The bulk of your out-of-class time will be spent completing six projects of increasing scope and complexity. The general structure of each assignment is described below.
Project 0 will be completed individually. It will give you an opportunity to familiarize yourself with the development environment, which will save you time on future projects. You will not turn in this assignment, but it's strongly recommended that you do it.
Project 1 will be completed in pairs. It will allow you to explore how "bit hacks" can improve performance. You will modify two small programs with the goal of increasing their performance. You will investigate data representations and efficient bitwise operations on data words.
Project 2 will be completed individually. You will learn how to profile an application to determine where it is spending most of its time and why. You will take advantage of hardware performance counters and several tools including VTune (a powerful profiler) and Pin (a dynamic instrumentation tool) to collect and analyze performance data.
Project 3 will be completed in pairs. This project will require you to examine the complex real-world problem of high-performance memory management. You will implement a library which provides the malloc, free, and realloc functions (that is, the C memory-management API) as efficiently as possible for a number of different plausible workloads.
Project 4 will be completed in pairs. You will begin by analyzing optimizing a single-threaded physical simulation. Then, you will be introduced to Cilk++, a language, compiler, library, and tool chain for developing multithreaded applications, and will parallelize your project. This project will expose you to many of the issues associated with correctness and performance in a multithreaded application.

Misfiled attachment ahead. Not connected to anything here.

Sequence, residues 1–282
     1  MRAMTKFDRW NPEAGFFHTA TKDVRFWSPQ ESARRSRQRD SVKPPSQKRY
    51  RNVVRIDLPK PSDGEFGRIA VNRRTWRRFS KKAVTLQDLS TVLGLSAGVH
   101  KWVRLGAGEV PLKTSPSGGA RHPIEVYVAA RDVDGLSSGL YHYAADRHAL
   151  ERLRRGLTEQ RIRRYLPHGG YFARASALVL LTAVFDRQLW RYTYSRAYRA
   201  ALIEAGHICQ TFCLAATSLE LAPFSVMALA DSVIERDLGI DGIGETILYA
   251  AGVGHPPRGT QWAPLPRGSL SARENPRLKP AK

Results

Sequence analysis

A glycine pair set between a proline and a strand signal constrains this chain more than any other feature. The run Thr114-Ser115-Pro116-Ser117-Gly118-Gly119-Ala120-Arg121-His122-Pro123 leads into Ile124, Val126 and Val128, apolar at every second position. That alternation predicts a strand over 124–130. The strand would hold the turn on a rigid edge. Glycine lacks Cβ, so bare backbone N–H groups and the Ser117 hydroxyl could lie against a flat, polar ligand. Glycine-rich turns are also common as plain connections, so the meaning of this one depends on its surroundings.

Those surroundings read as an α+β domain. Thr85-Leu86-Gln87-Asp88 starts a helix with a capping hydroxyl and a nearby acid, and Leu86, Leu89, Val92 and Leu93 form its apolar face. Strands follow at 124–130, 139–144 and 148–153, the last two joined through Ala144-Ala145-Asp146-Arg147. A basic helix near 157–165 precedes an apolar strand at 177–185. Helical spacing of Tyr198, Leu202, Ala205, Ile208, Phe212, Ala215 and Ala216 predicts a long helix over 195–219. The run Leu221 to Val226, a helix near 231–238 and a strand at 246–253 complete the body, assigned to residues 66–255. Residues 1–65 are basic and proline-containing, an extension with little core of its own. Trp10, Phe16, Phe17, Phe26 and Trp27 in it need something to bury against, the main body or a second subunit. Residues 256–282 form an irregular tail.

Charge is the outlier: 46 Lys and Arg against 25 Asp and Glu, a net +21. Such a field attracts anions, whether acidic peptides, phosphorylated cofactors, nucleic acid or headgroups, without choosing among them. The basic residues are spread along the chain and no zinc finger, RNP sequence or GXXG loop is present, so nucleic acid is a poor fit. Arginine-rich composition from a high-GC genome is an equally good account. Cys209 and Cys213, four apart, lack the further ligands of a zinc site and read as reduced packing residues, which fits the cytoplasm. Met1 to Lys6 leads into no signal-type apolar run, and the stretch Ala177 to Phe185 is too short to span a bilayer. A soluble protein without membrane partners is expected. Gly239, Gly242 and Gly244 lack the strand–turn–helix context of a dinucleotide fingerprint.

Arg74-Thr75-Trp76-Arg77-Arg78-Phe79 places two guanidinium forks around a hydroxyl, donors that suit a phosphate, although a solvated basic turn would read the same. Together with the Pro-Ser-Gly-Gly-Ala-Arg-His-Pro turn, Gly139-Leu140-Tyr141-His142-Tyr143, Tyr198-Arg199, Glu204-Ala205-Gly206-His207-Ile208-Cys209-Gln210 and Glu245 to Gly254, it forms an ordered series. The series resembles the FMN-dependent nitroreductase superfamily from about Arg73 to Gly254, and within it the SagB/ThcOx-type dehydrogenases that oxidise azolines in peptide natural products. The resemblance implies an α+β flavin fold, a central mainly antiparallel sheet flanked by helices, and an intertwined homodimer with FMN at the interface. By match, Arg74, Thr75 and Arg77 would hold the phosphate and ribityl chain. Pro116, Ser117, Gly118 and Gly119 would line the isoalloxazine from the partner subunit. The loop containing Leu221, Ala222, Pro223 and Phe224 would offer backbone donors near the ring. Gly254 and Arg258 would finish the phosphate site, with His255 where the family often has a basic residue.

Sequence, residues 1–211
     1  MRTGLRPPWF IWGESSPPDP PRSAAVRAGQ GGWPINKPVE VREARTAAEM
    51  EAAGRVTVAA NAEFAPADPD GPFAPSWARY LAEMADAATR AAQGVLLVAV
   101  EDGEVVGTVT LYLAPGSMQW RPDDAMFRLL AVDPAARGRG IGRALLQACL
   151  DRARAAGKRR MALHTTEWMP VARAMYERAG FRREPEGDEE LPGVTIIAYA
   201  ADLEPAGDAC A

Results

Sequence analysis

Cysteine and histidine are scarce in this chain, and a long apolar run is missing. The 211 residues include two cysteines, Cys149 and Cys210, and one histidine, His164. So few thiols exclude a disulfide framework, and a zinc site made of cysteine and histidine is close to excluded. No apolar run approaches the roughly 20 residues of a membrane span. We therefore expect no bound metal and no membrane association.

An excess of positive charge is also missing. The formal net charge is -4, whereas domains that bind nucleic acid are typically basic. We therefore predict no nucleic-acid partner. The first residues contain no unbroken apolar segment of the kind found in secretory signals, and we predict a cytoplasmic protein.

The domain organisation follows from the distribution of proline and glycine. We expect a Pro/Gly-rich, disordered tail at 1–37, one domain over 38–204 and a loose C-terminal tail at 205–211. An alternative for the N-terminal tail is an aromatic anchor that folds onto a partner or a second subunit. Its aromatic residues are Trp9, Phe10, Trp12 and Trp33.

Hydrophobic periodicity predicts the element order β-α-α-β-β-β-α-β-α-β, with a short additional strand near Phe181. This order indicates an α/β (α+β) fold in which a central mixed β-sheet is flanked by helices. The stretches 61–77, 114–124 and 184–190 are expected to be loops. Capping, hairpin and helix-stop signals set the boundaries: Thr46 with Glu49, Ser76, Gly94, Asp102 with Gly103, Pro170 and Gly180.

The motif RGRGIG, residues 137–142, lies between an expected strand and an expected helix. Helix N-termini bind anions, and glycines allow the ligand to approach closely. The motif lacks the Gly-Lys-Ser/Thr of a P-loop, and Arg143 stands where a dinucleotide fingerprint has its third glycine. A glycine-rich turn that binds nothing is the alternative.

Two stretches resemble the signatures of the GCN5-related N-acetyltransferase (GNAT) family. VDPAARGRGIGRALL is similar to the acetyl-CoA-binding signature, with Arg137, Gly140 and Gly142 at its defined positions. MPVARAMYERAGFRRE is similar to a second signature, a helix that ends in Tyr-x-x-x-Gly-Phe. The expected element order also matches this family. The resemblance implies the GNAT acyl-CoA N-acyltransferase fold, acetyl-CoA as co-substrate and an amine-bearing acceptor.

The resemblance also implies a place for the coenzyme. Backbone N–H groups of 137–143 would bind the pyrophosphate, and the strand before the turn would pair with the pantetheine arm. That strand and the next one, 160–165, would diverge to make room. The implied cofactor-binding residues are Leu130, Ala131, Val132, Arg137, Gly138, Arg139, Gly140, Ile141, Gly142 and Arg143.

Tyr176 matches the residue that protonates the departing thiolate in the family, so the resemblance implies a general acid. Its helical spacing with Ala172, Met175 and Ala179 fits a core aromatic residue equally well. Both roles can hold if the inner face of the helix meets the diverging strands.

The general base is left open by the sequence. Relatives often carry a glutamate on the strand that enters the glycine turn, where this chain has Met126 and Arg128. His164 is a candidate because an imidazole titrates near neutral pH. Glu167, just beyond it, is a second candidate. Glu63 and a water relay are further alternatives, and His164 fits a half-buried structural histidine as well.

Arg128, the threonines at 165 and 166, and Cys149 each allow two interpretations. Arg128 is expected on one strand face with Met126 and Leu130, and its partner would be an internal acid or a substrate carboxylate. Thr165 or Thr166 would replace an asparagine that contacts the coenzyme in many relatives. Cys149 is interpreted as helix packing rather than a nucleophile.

Project 5 will be completed individually. This project will be a take-home written assignment that will evaluate your knowledge of the theoretical material that the course will have covered. You will have a chance to demonstrate your knowledge of some of the analytical techniques and fundamental material that you will have learned.
Project 6 will be completed in small groups of two or three students. You will work to optimize a ray-tracer, which renders scenes that include reflection, refraction, and interaction with solid objects and with water, as well as three distinct types of illumination (direct, caustic, and global). Unlike in previous projects, we will provide relatively little direction; you will have to use everything you have learned during the course to identify performance issues and eliminate them. The fastest submission will win!